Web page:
There are three patterns for bags. The pattern for the Abysmal Bag (32 slot soul shard) is available from the Knights of the Ebon Blade at Revered. The Mysterious Bag (32 slot Enchanting) pattern is from the Wyrmrest Accord at Revered. The highly desirable 22 slot Glacial Bag pattern can be purchased from the Sons of Hodir at Exalted.
Alliance Vanguard/Horde Expedition
Reputation gains with these groups come from completing quests for the combined Alliance and Horde factions. Rewards of note are a PvP helm enhancement and the engineering schematic for the Mekgineer's Chopper/Mechano-hog vehicles. These items can be purchased at Exalted.
Armor, Weapons, etc.
There are a large number of other items available for purchase through faction reputation. In addition to the traditional armor and weapon pieces, there are non-combat pets, costumes, mounts and even a special fishing pole. Wowwiki does an excellent job of covering the various rewards available through faction reputation, as well as the daily quests available to enhance reputation gains.
You'll need to map out the reputations strategy that works for you. As for me, I am working on the Sons of Hodir for the shoulder enhancement. As a bonus, I'll get the pattern for the 22 slot Glacial bag, as my main is a tailor. I'm presently at Honored, so I make a point of doing the 5 daily quests for the Sons of Hodir and always have my eyes peeled for an Everfrost chip to spawn when I am in Storm Peaks.
I am simultaneously focusing on Kirin Tor rep, so I can get the Arcanum of Burning Mysteries head enhancement and the Sapphire thread pattern. I do the daily cooking quest and wear my Kirin Tor tabard when running dungeons.
If I have time, I will run additional dailies, but for the time being, those two are my main focus. Check out the various factions and pick the ones that will work best for your character build and professions. There are so many factions, so many nice rewards and so little time.
Friday, December 12, 2008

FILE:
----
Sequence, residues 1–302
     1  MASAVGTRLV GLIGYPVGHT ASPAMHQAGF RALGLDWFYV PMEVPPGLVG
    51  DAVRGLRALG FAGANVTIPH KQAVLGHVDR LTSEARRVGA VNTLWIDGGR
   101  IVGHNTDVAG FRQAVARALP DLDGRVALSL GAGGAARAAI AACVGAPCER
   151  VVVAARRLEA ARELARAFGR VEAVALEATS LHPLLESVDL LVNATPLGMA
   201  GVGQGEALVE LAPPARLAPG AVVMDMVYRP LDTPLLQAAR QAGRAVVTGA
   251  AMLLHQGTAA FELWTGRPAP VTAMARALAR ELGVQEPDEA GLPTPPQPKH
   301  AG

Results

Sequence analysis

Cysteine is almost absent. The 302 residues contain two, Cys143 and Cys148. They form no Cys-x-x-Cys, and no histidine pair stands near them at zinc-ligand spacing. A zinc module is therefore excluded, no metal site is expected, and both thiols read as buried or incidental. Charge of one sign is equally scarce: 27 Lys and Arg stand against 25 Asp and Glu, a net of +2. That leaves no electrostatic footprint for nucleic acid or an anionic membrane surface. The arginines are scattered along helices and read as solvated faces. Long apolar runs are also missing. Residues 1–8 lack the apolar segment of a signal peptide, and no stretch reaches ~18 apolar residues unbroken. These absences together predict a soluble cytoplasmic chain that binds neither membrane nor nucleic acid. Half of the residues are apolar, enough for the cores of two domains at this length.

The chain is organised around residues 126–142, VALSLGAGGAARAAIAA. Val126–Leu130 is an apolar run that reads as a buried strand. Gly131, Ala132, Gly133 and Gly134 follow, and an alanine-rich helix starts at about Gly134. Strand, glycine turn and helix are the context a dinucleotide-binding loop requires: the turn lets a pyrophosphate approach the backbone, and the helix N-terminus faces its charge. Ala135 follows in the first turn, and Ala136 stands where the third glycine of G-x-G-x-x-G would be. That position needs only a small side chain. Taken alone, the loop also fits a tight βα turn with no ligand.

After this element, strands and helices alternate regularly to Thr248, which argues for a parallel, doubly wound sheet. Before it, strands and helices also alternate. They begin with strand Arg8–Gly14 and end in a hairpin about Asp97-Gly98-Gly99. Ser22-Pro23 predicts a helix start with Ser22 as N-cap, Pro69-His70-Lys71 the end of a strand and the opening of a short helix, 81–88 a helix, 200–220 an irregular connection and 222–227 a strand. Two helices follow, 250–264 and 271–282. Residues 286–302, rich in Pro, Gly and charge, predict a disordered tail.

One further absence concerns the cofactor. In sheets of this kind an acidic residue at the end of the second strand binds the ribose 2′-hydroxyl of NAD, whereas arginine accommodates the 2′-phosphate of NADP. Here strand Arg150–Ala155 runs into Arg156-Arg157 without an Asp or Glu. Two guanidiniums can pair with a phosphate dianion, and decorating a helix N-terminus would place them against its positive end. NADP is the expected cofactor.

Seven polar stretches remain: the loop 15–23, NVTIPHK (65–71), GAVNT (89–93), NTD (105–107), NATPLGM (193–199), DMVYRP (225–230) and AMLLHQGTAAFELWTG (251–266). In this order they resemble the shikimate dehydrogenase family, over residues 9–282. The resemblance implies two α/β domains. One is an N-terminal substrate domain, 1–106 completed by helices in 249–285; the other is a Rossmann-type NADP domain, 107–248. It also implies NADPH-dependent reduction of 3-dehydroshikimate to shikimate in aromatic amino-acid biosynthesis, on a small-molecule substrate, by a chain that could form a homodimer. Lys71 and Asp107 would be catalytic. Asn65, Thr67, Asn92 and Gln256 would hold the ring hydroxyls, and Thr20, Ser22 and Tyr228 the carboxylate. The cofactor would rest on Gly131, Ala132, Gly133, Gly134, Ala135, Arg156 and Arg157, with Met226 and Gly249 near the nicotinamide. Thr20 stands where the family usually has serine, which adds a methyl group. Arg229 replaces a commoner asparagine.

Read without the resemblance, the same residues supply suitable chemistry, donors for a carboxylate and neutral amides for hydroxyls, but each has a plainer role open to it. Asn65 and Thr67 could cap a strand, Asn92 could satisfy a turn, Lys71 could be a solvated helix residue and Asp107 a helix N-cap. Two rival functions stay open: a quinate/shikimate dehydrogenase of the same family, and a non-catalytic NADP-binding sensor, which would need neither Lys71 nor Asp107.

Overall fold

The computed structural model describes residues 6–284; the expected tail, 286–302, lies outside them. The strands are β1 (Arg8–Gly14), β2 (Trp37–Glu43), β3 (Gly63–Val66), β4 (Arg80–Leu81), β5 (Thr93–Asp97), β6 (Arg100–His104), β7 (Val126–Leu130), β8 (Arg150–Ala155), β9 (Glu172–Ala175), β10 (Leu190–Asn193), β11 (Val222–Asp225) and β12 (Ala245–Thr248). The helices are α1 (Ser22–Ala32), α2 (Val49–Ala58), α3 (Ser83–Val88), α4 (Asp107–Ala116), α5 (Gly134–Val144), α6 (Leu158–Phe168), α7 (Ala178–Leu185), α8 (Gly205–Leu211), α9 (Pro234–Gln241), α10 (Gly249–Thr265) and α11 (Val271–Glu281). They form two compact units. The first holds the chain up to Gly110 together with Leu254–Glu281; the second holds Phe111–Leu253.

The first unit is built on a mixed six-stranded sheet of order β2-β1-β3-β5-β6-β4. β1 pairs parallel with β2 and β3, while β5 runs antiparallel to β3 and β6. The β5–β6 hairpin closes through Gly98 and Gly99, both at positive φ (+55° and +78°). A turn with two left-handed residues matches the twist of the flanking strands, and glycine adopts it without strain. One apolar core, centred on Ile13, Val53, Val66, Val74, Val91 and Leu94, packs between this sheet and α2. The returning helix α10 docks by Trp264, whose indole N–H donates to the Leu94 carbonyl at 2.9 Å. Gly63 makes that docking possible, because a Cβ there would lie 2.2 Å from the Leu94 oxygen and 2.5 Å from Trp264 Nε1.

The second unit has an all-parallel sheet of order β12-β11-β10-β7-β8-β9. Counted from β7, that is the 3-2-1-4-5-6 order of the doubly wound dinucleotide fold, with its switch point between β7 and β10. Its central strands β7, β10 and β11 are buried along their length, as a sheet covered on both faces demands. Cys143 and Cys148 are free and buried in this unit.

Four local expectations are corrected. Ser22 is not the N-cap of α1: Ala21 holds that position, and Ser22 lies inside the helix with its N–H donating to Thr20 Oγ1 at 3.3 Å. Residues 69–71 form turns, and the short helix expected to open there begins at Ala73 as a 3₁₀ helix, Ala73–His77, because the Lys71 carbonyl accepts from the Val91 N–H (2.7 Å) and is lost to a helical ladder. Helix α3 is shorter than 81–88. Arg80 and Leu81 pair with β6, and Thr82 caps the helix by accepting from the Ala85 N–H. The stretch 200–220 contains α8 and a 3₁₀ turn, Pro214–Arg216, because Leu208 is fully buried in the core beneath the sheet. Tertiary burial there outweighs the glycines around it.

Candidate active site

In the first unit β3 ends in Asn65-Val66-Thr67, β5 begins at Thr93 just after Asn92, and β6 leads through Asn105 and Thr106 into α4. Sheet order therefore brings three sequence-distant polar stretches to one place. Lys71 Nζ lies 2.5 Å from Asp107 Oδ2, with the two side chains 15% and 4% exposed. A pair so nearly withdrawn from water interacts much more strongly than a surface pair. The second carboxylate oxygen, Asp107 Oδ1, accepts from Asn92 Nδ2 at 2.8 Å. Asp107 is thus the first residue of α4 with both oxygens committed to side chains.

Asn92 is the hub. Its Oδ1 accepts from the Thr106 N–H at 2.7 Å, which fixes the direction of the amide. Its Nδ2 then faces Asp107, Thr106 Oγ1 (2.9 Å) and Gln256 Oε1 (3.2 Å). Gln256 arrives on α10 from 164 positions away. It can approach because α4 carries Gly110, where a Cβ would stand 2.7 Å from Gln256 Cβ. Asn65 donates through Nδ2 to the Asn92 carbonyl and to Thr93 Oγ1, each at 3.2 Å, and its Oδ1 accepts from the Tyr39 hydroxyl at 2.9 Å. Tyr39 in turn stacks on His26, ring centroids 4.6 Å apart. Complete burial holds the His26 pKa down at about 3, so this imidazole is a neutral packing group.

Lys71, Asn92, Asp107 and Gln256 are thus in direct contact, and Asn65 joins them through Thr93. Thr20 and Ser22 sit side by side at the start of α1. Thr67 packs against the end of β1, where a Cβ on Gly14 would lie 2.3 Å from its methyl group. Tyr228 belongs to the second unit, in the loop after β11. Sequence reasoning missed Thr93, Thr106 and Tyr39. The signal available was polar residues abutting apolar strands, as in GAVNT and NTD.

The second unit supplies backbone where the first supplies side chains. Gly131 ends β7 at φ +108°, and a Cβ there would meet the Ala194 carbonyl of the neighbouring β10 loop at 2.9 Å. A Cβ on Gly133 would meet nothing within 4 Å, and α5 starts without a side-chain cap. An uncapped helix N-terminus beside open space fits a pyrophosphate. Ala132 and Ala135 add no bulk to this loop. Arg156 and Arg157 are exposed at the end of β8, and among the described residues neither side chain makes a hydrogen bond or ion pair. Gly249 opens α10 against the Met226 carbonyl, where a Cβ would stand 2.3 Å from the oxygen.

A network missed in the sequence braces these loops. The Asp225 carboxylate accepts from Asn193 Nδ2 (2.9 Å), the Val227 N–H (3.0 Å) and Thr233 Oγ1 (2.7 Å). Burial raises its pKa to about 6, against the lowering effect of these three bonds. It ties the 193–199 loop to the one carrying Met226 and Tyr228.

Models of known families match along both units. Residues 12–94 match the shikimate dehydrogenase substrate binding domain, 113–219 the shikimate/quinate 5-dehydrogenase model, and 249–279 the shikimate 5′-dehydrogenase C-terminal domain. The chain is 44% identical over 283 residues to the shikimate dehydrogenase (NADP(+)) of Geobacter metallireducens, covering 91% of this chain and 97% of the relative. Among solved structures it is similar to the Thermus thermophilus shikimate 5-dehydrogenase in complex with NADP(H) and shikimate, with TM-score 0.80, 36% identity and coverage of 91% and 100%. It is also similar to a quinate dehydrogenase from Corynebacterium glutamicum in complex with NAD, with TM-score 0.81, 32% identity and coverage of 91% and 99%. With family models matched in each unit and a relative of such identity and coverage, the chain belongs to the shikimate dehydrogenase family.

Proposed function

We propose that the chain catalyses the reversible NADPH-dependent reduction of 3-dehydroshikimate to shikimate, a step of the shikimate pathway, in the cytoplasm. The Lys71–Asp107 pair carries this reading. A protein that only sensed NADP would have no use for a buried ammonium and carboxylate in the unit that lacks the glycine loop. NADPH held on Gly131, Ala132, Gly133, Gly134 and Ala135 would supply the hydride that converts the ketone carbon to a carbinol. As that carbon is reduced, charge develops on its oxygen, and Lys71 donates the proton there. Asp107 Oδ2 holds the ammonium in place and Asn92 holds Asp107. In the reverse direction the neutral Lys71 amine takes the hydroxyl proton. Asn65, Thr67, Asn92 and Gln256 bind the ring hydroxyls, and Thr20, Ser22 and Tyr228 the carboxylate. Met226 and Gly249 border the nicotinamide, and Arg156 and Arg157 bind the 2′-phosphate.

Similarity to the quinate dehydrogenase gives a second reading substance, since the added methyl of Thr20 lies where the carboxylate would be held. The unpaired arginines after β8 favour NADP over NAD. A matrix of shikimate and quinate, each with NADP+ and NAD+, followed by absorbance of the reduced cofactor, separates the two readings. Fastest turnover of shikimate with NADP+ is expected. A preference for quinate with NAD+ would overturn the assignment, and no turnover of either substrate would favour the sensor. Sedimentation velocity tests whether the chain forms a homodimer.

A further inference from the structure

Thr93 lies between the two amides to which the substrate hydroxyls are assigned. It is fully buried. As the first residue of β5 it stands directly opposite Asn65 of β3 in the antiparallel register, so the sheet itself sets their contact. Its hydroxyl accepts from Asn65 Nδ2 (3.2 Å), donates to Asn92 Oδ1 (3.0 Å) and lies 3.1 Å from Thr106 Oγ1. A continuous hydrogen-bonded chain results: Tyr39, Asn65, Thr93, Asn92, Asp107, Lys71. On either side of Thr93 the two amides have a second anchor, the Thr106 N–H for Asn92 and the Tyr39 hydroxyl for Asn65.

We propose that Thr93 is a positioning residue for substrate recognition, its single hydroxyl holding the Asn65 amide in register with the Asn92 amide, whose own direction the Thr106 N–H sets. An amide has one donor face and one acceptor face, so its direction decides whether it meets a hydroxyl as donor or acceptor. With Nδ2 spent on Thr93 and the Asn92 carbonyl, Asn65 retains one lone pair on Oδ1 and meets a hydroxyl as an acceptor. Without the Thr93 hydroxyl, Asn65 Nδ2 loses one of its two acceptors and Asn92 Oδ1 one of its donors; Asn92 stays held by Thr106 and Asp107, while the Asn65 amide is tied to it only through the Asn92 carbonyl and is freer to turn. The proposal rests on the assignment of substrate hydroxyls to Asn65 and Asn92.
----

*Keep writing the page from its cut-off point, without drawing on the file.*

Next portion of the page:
Dec 11th, 2008Oh boy. Deborah Tate is an FCC Commissioner (and will be for another three years at least -- she was appointed for another five year term in 2007), and claimed in a speech about telecom policy and regulation last week that "one of the top reasons for college drop-outs in the U.S. is online gaming addiction -- such as World of Warcraft -- which is played by 11 million individuals worldwide."
Never mind that World of Warcraft, is a game, not an addiction, and never mind that most of those 11 million people play it and are completely healthy socially and financially, and never mind even that any evidence you'd find that World of Warcraft causes dropouts is anecdotal at best. Can you really blame a game for someone making the choice to leave college? We, as you might have guessed, think not.
And there's more: Tate's Wikipedia page says that not only has she spoken out strongly in favor of DRM, and not only has she taken talking points directly from Clear Channel in trying to work on the Sirus/XM merger (a government official speaking the words of a corporation, that's just what we need), but she has also blamed television for childhood obesity. Nice one. One more reason why we are thrilled to see that we may finally get some folks in the FCC who actually know what they're talking about when it comes to online gaming.